Our test device will be mentioned in this text as a ‘test device’, which means ‘Uright model TD 3127AT, TaiDoc Technology Corporation’. The test device is an upper-arm oscillometric device (Thai FDA approval number: TWN6200241, 11 January 2020) with a pressure measurement range of 0–300 mmHg, SBP measurement range of 60–255 mmHg, DBP measurement range of 30–195 mmHg, and pulse rate range 40–199 beat/min. The digital display showed readings of SBP, DBP, and pulse rate. Cuff inflation was controlled by an automatic pressure pumping system, and its deflation was controlled by an automatic pressure release valve. The power supply was driven by four alkaline batteries (1.5 V, LR03T), which enable consecutive 400–500 measurements. Wide cuff size (24–43 cm) is only available in Thailand. To ensure the determination of appropriate cuff size, the participant’s arm circumference was matched, and the corresponding cuff was selected. The timer chipset (microcontroller, microchip pic12f1572 8 bit), which was developed by a Thai engineer, was set as an automatic trigger time every 15 and 30 min (Supplementary data, Supplemental Digital Content 1, https://links.lww.com/BPMJ/A179).

Procedure

Our procedure was designed following the ISO 2018 guidelines [8]. A team of four well-trained medical professional physicians conducted the validation procedures as observers.

With a random selection, two of them used a dual-headed stethoscope with a Y-shape tube (3M Littmann Classic II Teaching Stethoscope with combination chest piece) to simultaneously measure the BP with a traditional auscultatory technique from a standard mercury sphygmomanometer (Baumanometer mercury-gravity manometers, W.A. Baum Co., Inc., New York, USA). Bladder dimensions of approximately 80% length and 40% width of arm circumference were used to define a proper cuff size [8].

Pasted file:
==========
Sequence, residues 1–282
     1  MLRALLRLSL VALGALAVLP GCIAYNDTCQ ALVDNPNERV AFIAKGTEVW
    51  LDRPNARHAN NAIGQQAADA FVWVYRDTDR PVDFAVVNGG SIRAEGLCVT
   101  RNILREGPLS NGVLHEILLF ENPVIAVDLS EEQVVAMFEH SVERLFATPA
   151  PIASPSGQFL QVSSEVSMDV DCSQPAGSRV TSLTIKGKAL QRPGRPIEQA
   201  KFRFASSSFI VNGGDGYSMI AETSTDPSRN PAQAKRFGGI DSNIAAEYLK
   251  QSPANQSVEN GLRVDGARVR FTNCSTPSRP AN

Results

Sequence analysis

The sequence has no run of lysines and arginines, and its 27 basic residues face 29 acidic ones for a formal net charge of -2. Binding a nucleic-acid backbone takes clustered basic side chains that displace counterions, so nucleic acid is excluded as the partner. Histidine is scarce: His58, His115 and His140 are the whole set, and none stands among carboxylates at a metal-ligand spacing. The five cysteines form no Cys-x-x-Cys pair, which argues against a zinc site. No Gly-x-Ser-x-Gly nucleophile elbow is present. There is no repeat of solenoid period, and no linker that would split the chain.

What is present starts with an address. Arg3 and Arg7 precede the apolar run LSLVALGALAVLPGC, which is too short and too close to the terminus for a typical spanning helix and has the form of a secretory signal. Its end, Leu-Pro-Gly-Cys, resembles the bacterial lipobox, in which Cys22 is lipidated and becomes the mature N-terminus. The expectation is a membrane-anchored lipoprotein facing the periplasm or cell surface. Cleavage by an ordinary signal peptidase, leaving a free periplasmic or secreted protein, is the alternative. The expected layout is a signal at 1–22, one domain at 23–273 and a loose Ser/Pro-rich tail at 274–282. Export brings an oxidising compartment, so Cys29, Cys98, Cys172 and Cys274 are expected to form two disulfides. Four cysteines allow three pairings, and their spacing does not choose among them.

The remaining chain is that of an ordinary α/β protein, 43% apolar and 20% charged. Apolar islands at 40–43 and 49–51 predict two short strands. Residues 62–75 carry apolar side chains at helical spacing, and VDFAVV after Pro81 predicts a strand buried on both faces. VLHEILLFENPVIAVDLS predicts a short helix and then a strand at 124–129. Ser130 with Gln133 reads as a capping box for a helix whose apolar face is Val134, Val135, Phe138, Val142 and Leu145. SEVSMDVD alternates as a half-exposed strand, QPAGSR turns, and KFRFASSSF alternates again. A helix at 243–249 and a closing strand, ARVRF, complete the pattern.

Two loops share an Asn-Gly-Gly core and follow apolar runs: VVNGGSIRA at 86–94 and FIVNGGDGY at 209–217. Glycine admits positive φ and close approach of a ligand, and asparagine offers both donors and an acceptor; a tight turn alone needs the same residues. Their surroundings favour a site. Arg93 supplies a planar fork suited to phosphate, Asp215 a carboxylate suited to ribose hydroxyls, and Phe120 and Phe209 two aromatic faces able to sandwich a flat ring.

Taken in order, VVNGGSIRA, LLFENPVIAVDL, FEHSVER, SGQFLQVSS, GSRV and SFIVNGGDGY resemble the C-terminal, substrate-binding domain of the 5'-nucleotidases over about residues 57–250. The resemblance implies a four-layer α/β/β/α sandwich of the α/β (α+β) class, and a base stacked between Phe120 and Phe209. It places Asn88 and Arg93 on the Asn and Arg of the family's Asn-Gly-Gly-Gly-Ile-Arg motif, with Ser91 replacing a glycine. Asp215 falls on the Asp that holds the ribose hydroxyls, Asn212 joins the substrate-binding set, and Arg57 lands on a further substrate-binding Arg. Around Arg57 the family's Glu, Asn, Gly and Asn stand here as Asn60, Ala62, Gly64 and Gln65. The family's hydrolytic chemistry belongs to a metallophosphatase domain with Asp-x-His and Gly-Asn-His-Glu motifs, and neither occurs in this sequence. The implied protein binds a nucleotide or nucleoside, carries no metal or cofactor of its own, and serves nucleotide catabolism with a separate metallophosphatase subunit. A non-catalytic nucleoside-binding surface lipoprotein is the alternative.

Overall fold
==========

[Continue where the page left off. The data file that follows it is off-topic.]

Average BP measurements were reported by two observers to a third observer who supervised and monitored the measurement process. Each observer was blinded to each other by a physical partition that was specifically designed to separate both during the measurement.

When the subject was ready after a 5–10 min rest while sitting in a quiet standard examination room with proper back support, the BP is sequentially measured with the subject’s arm resting at the heart level. Two observers simultaneously measure the BP using the standard mercury sphygmomanometer with the dual head stethoscope, followed by the test device, which starts measuring by a predetermined timer trigger. These warm-up measurements were excluded from the calculation of the accuracy assessment. Thereafter, BP was measured by the observers, then by the device, and alternatively by observers until a total of nine sequential same-arm measurements are obtained (Fig. 1a). Subjects with SBP difference of more than 12 mmHg and/or DBP of more than 8 mmHg in any two of the four reference BP measurements will be excluded.

F1
Fig. 1:
(a) Summary methods. (b) Standardized Bland–Altman scatterplots of the comparison BP difference between the Uright model 3127AT device with timer trigger modification and observer measurements opposed to the mean BP of the both methods of the SBP and DBP.

Each test device reading value was compared with the observer measurements’ mean value, which was immediately taken before and after the test device reading. Hence, three comparison measurements were obtained for each subject.

Following the ISO guidelines, we allowed interobserver variation of more than 4 mmHg; otherwise, another measurement must be taken, at a maximum of eight pairs [8].